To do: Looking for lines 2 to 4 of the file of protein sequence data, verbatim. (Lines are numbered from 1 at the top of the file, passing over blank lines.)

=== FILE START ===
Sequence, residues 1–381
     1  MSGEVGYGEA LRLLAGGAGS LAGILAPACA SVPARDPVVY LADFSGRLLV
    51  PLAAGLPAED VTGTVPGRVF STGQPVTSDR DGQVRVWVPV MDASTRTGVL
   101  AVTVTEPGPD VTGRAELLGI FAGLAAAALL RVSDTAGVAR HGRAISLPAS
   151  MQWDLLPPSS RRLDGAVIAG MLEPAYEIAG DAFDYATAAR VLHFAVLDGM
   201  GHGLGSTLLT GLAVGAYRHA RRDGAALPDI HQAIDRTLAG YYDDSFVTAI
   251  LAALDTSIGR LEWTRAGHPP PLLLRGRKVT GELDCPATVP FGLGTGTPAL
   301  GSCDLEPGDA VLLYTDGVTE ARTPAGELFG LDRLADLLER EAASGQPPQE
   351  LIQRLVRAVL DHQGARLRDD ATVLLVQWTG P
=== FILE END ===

     1  MSGEVGYGEA LRLLAGGAGS LAGILAPACA SVPARDPVVY LADFSGRLLV
    51  PLAAGLPAED VTGTVPGRVF STGQPVTSDR DGQVRVWVPV MDASTRTGVL
   101  AVTVTEPGPD VTGRAELLGI FAGLAAAALL RVSDTAGVAR HGRAISLPAS